In one wing of the opera house, off to the left of the main entrance, is the Museo Teatrale alla Scala (Theater Museum of La Scala).
The first photo shows the entrance to the museum, which is also the entrance to the galleries when there is an opera performance. And this is also where the scalpers tend to hang out trying to sell black-market tickets at exorbitant prices.
The museum consists of ten rooms with displays of musical instruments, paintings and other artifacts from the history of opera in general and La Scala in particular.
Also there is a space for temporary exhibitions. When I was there the exhibit was on the singer Maria Callas at La Scala.
At that time, no photography was allowed inside the museum. (Now they allow photos for private use, with no flash.)
The museum is open almost every day (all except nine days per year) from 9 am to 12.30 pm (last entrance at 12 noon) and from 1.30 pm to 5.30 pm (last entrance at 5 pm). A normal full-price admission ticket costs nine Euros (as of 2018) and includes a glimpse of the auditorium from one of the boxes, except when rehearsals or performances are in progress.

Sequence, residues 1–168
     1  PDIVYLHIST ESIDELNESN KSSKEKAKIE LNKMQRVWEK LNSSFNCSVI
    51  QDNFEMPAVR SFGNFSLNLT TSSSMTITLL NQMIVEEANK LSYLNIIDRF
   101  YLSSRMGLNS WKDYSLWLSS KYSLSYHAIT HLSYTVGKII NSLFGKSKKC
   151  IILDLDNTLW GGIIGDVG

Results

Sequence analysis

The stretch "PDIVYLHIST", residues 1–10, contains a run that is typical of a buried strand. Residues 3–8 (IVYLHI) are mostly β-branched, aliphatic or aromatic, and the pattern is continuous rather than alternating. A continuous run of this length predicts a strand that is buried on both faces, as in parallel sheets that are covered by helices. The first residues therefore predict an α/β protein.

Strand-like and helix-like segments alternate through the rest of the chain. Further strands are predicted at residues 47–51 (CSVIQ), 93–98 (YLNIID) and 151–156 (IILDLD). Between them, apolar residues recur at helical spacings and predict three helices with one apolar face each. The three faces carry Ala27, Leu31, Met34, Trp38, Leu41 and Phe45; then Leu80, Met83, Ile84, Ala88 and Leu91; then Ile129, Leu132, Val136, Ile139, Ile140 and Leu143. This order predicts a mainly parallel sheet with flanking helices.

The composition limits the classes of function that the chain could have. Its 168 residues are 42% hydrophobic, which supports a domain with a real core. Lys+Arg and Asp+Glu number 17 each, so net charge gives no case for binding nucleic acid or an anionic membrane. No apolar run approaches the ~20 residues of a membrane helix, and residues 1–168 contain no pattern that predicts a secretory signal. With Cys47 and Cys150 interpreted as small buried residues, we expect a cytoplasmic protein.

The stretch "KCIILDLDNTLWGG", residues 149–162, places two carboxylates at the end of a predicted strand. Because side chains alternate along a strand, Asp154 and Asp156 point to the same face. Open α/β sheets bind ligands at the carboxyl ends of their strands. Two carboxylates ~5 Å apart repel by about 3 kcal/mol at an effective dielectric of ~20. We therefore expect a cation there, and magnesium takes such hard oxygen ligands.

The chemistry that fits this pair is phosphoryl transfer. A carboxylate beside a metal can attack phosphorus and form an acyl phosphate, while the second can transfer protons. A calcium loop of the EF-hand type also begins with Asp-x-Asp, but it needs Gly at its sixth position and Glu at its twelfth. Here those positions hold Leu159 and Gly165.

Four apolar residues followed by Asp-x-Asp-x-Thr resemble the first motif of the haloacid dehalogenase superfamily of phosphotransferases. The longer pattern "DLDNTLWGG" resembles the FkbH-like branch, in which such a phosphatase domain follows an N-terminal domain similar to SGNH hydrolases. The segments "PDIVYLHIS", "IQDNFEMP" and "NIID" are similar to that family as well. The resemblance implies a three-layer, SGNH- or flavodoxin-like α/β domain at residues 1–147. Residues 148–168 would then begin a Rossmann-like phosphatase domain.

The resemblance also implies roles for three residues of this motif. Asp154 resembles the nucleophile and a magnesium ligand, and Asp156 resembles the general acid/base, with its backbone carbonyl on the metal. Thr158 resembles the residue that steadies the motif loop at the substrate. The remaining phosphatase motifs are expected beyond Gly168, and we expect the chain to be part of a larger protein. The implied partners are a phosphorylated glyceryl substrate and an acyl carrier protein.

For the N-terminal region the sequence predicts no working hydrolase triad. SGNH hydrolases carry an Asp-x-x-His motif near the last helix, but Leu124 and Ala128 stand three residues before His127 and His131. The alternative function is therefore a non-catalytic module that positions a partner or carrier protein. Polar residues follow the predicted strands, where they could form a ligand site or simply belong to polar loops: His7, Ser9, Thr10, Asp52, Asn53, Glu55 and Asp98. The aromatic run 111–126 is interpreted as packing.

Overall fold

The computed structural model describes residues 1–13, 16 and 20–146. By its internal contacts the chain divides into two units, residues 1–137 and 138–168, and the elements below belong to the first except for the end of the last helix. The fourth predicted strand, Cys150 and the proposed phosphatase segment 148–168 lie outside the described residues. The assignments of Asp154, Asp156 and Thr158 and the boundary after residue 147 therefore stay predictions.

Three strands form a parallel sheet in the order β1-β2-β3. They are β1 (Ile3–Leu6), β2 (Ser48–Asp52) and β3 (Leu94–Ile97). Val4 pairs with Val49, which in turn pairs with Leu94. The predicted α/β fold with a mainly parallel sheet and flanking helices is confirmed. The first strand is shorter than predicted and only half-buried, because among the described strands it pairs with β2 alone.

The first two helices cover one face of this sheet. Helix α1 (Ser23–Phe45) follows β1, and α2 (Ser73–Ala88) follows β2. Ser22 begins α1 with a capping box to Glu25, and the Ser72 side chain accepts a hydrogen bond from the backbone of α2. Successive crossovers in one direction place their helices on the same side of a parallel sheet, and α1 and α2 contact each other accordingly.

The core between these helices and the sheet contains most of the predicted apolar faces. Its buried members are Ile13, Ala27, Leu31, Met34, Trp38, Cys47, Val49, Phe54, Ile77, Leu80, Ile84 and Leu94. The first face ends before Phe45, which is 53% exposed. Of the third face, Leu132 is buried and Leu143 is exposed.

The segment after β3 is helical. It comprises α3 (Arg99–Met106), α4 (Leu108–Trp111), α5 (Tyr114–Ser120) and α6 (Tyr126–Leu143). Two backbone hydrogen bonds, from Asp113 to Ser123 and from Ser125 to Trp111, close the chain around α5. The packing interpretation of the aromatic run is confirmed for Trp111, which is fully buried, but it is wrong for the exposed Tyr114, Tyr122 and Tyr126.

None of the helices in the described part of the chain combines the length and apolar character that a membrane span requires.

When I was there they were adjusting the lighting for the first act of Verdi’s Macbeth (as in other opera houses, an extra player wearing one of the costumes had to stand around for hours while they did this), but we were allowed to have a look just the same.
For three days during my visit to Milan there was a large trailer from the Cecilia Bartoli Music Foundation parked outside the museum. In it was an interesting free exhibition on the singer Maria Malibran (1808-1836). Malibran was the big star of La Scala for three seasons in the 1830s. Of course Cecilia Bartoli herself was also in town to give a recital of arias from Malibran’s repertoire, “Malibran Rediscovered”.
My photos in this post are from 2008. I revised the text in 2018.